- Red taxis are for destinations on Hong Kong Island and Kowloon, although they are also allowed to go to the local town of Tung Chung as well as Disneyland on Lantau island. If you are going to Hong Kong Island, asking the driver to driver to use the "Western Harbour Crossing" will avoid congestion, but will result in an additional $50 toll charge.
- Green taxis are restricted to the New Territories (other than Lantau island)
- Blue taxis serve Lantau Island only. Useful for getting to quickly getting to local Lantau sights before your flight, although there are not many of them and often there are none waiting at the airport.
The information desk after customs can provide you with an estimate to your hotel and maps to show the driver. Seeofficial taxi fare table. Do not take private cars and vans operating as illegal taxis since they are not licensed and in case of accidents, your insurance will not cover you. Generally they are operated by non-Chinese and will be in white or black vans, rather than the ubiquitous blue and red Toyota Crown Comforts. They will approach you inside the airport.
Note that taxi queues are available at both Kowloon and Hong Kong stations, although the queues are very long at weekends.
There are no ferry services from the airport to destinations in Hong Kong. However, Turbojet operates a service ($254, 50 minutes) directly to Macau. You can land in Hong Kong and travel directly on to Macau without having to pass through Hong Kong immigration. If you do pass through immigration then the train journey to the Macau ferry terminal will take you about another hour with a lot of walking, so taking this direct ferry is a great option.
The airport has 2 terminals, with the MTR station in the middle. It takes about 5-10 minutes to walk between the terminals.
Terminal 2 is a check-in only facility, all flights depart from Terminal 1. You can clear security at either terminal. There are more shopping opportunities before security at T2, but its shops close earlier. There are lots of shopping opportunities after security as well.
On the airside you can reach some of the outer terminals with a 'People Mover' train in the basement.
Hong Kong Airport has an impressive IMAX cinema in Terminal 2 (land side). This is a great way to spend a couple of hours waiting for a flight. 3D glasses are provided for free. IMAX 3D films cost around HKD $120.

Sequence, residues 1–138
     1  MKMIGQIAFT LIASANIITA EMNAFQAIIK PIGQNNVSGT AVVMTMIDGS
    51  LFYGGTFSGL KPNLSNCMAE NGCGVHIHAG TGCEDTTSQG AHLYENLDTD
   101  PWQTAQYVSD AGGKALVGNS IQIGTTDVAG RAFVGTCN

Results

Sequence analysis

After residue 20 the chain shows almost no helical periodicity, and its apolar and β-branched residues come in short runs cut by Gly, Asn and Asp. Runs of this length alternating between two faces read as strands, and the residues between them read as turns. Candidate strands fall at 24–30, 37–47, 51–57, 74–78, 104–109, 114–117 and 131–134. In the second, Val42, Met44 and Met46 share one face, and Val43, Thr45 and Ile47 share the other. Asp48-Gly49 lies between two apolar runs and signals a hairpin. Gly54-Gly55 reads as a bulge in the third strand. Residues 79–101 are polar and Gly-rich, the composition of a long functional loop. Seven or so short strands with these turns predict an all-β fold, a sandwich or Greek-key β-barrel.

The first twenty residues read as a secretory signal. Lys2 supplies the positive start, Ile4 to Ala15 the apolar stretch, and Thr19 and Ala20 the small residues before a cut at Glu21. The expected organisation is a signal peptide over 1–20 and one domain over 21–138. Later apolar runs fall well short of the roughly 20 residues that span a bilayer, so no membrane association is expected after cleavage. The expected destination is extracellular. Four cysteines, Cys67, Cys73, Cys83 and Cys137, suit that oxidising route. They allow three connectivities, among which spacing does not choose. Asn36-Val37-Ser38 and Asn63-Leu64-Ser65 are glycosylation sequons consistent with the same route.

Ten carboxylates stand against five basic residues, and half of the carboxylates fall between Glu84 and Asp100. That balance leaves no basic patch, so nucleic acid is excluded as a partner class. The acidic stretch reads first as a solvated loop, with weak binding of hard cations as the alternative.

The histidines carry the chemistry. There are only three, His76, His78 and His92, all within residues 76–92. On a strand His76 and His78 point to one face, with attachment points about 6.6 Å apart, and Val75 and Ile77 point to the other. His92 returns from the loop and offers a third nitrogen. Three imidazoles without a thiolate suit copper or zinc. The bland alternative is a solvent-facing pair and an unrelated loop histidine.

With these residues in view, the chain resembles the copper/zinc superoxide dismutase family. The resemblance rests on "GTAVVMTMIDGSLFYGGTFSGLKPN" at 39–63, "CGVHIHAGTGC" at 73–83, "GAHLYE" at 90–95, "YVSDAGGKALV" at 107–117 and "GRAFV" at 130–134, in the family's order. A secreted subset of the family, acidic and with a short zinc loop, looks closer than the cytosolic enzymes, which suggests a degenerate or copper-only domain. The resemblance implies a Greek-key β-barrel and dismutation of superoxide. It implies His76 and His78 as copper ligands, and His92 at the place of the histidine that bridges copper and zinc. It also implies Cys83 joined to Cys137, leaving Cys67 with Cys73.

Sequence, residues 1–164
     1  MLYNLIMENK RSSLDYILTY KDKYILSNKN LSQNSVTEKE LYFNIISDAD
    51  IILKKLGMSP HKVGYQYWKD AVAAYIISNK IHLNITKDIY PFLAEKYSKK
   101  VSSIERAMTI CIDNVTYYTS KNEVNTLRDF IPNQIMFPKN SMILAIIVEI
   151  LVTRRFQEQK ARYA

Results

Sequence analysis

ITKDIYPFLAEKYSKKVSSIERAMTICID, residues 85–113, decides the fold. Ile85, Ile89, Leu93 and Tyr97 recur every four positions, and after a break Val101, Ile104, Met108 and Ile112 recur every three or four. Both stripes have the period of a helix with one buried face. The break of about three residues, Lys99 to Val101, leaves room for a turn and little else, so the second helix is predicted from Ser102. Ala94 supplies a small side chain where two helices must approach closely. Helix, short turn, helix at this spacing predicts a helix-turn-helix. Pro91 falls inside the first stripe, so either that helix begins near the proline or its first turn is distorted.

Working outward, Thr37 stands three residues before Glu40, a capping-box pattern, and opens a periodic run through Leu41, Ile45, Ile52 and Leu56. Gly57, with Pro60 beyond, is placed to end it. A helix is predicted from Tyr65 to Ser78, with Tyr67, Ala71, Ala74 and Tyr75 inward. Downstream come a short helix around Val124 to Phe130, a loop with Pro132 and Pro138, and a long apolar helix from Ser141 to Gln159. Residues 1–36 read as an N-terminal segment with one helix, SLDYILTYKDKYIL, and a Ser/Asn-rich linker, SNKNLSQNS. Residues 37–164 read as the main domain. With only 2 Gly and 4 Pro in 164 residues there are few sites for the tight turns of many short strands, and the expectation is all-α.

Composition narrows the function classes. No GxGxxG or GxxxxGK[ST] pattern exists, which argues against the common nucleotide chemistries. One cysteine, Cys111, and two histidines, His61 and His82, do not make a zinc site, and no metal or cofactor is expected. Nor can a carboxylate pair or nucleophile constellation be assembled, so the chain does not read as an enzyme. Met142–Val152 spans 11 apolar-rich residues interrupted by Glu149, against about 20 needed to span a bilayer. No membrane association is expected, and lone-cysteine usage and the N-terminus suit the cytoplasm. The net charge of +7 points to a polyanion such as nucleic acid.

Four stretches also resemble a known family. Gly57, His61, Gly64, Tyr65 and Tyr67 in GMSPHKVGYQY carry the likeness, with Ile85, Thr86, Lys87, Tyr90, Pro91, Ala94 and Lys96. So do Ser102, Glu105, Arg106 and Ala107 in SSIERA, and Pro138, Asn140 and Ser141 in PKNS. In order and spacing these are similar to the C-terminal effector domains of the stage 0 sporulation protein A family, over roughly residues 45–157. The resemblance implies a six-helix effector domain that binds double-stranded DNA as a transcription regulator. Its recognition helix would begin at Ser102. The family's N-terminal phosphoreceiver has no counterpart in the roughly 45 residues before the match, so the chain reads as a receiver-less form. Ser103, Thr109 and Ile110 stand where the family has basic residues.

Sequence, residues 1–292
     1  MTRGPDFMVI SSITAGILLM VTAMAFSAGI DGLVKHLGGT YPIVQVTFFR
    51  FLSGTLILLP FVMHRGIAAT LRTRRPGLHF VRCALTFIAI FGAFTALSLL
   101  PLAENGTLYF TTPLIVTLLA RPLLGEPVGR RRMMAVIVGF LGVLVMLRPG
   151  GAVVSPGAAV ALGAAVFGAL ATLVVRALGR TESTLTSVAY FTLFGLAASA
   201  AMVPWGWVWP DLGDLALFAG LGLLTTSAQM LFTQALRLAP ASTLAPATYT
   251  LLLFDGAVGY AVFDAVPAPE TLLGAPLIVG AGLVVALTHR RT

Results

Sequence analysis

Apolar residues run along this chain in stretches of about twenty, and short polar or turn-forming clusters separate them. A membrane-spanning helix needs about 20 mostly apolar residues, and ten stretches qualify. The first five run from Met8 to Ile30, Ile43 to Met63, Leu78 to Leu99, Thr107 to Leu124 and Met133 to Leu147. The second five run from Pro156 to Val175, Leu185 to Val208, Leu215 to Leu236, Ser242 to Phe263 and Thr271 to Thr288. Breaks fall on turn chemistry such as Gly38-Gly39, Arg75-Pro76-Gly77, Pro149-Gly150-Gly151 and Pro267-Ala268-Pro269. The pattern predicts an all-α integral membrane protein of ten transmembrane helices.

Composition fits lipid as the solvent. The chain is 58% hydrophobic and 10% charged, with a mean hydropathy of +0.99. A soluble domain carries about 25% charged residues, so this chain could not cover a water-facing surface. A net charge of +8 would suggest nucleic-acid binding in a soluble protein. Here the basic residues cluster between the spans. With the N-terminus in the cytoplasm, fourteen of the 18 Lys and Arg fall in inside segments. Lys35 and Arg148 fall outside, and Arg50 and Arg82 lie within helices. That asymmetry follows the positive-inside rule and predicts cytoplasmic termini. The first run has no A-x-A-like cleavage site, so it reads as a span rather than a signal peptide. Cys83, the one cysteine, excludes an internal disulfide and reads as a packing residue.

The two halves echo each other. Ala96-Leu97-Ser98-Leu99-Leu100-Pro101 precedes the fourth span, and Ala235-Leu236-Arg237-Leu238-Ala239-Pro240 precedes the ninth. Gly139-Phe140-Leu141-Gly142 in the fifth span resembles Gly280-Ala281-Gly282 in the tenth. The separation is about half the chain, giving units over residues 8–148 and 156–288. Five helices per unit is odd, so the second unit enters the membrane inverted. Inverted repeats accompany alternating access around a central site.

- Cathay Pacific has 5 lounges spread around the airport. 'The Bridge' lounge in the centre is the largest and offers showers and barista coffee. Generally lounges open at 05:30
- Korean Air has a tiny lounge with seating and basic food and drinks. It does not have any shower or bathroom facilities.
- Qantas/BA has a large lounge with showers, food, internet terminals and plenty of drink.
Eat and drink
On the airside, there are some standard eateries in the food court around the arrival gates including McDonalds and Starbucks.
If you haven't checked in yet, then walk on over to the second floor of Terminal 2 for a large food court with a rather good variety of options.
Hong Kong has no duty on most goods besides alcohol, therefore the concept of duty free in the airport itself is rather meaningless. Nevertheless there is the usual selection luxury brands on the air side, as well as opportunities for last minute souvenirs such as Chinese cookies and a large Disney store.
If you need to kill some time before checking in, then there are a variety of shops in and around the Terminal 2 check-in desks. Shops dedicated to toys, electronics and Hong Kong specialties can be found.
There is a free Wi-Fi facility (after accepting terms and conditions) and a hotline (2188 7799). The Wi-Fi is throughout the air-side areas and has a fast connection speed. The Wi-Fi SSID is "
#HKAirport Free WiFi". There are also free Internet terminals, but as of August 2013 they can be faulty and slow and the browsers do not work properly with some websites.
Services at Hong Kong International Airport are generally far better, or at least on par, with those at other major international airports.
- Left Luggage: There is a manned left luggage facility in the arrival hall, perfect for securely storing your luggage at the airport, for around $55–$80 per day (depending on duration). It is open from 6am to 1am. There is another left luggage facility close to the bus station between Terminals 1 and 2.
- Baggage Packing Service: Both Terminals 1 and 2 have a fast and efficient service to wrap up your baggage in cardboard or clingfilm and strap it up. Very useful if your airline restricts the items of baggage you can check in. A typical boxing costs around HKD $230.
- Chemist: There are two 'Mannings' stores airside in the airport, each of which stock medicine, baby milk powder and chocolate. If you need any of these then one store is near the North immigration gate, and the other is next to Gate 60.
- Smoke: There are a few smoking rooms conveniently located around the air-side
- Post Office: There is an efficient post office in the airport, providing boxes, wrapping material, scissors, and tape. Mailing items is sometimes cheaper and easier than paying airline baggage fees.
There are three hotels in the immediate vicinity of the airport. Via the Airport Express, you can access more hotels in central Hong Kong very quickly.
- Regal Airport Hotel – connected to the terminal building
- Hong Kong SkyCity Marriott – near AsiaWorld-Expo
- Novotel Citygate – located in Tung Chung New Town, a 10-minute taxi ride away